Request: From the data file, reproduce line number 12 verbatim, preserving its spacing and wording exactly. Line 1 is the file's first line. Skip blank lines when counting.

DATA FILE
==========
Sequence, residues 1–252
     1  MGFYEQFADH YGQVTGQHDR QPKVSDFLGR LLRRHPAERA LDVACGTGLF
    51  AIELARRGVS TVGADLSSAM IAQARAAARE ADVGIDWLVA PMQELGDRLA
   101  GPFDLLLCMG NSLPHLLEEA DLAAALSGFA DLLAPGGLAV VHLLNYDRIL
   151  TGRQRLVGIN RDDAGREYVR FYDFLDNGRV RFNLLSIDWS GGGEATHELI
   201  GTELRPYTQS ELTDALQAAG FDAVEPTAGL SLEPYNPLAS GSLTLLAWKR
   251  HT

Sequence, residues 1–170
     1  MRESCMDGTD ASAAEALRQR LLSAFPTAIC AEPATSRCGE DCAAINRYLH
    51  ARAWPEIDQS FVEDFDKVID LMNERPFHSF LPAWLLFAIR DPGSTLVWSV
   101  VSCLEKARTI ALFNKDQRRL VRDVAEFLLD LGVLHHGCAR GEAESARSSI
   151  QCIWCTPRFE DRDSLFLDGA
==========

   151  QCIWCTPRFE DRDSLFLDGA